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Monday, May 30, 2011

They don't get any tougher

"That was without a doubt the hardest physical thing I've ever done"  Lance Armstrong, after finishing the New York Marathon.

Lance Armstrong won  7 straight Tour de France races that included numerous stage races in the mountains, yet the marathon was the toughest race he ever faced.

After running the Madison Marathon yesterday I couldn't agree more.  I had to fighter harder for this finisher medal than I did for any of the other four marathons I've completed.

I've been fighting some kind of virsus all month with sore throat, headache and ear pain. I woke up with nausea and couldn't eat more than half a protein bar for breakfast.

I did not sleep much the night before which is pretty common if the conversations at the starting line were the average experience.

I knew standing at the starting line it was going to be a long day and there was a good possablity I wouldn't finish.  I also knew this was my one shot this year and maybe ever to qualify to run the Boston Marathon.

Sometimes you feel kind of tired at the start of a race, but your training takes over and you get into a rythmn. That didn't happen.  This race was tough from the start and every mile was a struggle.

The course was one hill after another.  I finished the first 6 miles in about an hour.  I felt like I was finished at 13 miles and promised myself I would walk if I made it to 20 miles.  I hit the 20 mile mark at 3:30 so if I could have held on I would have finished in 4:30.  As I hit the 20 mile mark it started to rain. I ran the last 6 miles in the rain.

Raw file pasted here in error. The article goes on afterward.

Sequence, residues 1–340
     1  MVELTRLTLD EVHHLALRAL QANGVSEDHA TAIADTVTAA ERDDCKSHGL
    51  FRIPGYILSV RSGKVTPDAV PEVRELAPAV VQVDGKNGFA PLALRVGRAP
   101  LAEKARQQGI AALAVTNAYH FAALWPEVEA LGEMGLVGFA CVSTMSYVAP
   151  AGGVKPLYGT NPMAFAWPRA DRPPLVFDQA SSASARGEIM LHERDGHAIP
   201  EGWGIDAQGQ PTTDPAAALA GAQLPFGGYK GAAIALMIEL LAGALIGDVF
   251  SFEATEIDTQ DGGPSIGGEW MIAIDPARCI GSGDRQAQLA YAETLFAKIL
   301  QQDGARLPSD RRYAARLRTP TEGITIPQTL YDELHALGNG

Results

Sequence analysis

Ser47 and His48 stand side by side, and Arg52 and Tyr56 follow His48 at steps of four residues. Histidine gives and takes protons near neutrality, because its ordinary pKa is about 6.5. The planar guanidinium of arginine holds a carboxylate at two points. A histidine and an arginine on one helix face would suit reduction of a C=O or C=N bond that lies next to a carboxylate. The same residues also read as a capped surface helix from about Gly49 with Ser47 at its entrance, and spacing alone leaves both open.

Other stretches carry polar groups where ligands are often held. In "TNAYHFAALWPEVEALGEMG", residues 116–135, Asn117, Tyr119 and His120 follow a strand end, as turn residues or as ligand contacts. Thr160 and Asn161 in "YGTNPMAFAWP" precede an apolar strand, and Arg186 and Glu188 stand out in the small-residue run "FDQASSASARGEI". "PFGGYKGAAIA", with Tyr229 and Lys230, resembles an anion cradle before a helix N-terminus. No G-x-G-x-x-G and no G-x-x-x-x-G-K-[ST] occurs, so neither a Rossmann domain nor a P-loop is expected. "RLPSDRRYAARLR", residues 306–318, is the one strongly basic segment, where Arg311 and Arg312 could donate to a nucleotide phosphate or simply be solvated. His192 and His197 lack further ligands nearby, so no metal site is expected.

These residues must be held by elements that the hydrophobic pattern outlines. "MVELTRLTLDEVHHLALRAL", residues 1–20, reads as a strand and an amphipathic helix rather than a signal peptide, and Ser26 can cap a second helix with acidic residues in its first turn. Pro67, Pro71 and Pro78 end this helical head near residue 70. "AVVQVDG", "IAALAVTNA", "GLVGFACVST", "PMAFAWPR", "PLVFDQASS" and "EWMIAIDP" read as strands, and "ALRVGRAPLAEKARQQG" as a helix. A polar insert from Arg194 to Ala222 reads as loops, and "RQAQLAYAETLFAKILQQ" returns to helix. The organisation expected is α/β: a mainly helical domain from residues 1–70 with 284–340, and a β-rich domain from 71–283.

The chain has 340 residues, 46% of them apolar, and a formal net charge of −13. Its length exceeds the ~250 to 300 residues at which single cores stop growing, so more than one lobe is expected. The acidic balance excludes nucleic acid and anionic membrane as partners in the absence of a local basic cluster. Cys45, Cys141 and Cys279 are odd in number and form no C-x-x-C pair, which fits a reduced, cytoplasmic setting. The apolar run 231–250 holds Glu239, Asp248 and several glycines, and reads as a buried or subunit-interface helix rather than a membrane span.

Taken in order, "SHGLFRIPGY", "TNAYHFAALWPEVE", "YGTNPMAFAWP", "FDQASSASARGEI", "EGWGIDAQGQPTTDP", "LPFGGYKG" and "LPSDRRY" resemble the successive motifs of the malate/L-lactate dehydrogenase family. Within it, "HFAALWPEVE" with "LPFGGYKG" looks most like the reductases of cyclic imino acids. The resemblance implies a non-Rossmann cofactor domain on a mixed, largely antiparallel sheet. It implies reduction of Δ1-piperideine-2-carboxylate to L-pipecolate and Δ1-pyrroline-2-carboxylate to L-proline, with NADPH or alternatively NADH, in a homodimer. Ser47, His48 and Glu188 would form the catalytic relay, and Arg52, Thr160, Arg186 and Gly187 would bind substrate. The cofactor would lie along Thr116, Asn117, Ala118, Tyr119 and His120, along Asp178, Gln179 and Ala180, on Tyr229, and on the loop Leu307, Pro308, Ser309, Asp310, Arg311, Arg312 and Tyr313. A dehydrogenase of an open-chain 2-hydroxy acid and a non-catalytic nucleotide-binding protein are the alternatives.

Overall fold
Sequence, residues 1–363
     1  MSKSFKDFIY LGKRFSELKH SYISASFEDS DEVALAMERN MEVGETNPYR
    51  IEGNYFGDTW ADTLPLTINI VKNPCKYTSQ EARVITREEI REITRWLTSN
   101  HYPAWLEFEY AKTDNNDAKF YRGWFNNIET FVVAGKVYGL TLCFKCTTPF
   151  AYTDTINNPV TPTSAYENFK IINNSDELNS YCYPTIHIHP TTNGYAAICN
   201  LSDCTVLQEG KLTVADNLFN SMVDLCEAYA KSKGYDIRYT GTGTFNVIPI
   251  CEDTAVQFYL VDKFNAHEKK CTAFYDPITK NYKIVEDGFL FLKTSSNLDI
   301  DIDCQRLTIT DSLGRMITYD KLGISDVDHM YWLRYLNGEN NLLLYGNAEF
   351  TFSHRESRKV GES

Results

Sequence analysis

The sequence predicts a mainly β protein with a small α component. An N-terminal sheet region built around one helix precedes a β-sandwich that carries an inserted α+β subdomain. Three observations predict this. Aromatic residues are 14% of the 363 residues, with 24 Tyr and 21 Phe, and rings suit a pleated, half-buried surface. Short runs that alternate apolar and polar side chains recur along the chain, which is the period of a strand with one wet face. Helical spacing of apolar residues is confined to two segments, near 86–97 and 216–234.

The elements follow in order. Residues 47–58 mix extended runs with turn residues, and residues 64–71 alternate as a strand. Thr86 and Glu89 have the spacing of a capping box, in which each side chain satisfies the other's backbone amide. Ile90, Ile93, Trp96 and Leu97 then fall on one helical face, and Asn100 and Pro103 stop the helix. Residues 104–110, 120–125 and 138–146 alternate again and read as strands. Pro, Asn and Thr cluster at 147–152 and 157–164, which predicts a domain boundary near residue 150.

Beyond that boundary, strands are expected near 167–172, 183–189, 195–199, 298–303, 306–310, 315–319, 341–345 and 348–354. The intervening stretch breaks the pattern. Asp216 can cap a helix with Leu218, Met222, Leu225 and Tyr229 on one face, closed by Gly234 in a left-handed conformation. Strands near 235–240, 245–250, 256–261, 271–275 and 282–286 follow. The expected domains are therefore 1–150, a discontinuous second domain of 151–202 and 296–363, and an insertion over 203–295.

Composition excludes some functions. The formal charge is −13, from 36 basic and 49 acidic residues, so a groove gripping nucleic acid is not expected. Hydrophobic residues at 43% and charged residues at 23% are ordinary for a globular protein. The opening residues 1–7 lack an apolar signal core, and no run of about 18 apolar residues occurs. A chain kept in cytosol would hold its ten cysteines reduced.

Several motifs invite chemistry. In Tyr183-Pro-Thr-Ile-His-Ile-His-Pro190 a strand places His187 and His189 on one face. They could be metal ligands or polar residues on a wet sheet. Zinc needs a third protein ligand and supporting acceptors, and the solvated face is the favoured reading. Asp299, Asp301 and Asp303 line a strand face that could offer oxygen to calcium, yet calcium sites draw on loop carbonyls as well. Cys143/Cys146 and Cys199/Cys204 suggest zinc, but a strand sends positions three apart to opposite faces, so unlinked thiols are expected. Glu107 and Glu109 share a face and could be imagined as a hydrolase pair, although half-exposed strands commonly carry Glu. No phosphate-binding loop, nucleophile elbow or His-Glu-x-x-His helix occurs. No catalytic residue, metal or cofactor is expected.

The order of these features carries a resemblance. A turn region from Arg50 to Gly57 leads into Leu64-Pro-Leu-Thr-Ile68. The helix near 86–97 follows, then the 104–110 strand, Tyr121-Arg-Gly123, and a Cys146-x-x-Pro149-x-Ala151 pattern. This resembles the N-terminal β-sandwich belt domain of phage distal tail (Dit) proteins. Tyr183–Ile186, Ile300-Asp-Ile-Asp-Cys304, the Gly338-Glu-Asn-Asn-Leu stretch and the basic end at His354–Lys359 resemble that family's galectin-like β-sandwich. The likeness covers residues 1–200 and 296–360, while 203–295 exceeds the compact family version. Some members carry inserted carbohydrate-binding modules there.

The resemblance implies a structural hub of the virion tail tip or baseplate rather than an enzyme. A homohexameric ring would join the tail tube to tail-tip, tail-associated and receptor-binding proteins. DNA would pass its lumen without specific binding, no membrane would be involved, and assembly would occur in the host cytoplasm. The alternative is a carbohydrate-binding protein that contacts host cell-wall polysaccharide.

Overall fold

I just wasn't physically or mentally tough enough to keep going. I walked the next mile and then did a combination of running and walking to complete the race in 4:51:28.  I was lucky to finish on a day when physically it just wasn't happening.  I was totally wrecked at the end. The whole race was run on guts,determination and a lot of prayer.

Still the finish put me at 15 out of 24 women in my age group. Wonder where I would have placed with that 4:30 finish.  I finished well under the 6 hours needed to qualify as a mobility impaired runner for Boston. I know I will do better next time.

Whether I am accepted to run the Boston Marathon in 2012 is now in the hands of the Boston Athletic Association. Like any other runner I will apply when registration opens and hope for the best.

I can't help but reflect the marathon I did previous to this just 10 years ago I walked the last six miles and still finished at 4:20. That is how much I have lost in strength and speed. Every year I lose more as the CMT progresses. This really might be my last shot to run Boston.

After a brief rest I will be back to training in July for my next marathon; Marine Corp Marathon in Washington D.C. on October 29th.  No pressure to qualify with this one.  Running purely for the visability for CMT.  The course is lined with 100,000 spectators and two Team CMT members will be running.  Can't wait.

Chris Wodke
Founder & Manager Team CMT

Team CMT is a group of athletes and supporters working to raise awareness and to find a cure for CMT. We have almost 100 members in 17 states. If you wish to join us visit our web site.

CMT or Charcot-Marie-Tooth is the most commonly inherited peripheral neuropathy. It affects over 155,000 Americans (as many as MS).  It is a disease of the nerves that control the muscles. It is slowly progressive, causing loss of normal function and or sensation in the lower legs/feet and arms/hands.

Symptoms include; muscle wasting in the lower legs and feet leading to foot drop, poor balance and gait problems Atrophy in the hands causes difficulty with manual dexterity.

Structural foot deformities such as high arches and hammer toes are common.

Poor tolerance for cool or cold temperatures and many people have chronically cold hands and feet.

Additional symptoms may include fatigue, sleep apnea, breathing difficulties and hearing loss.

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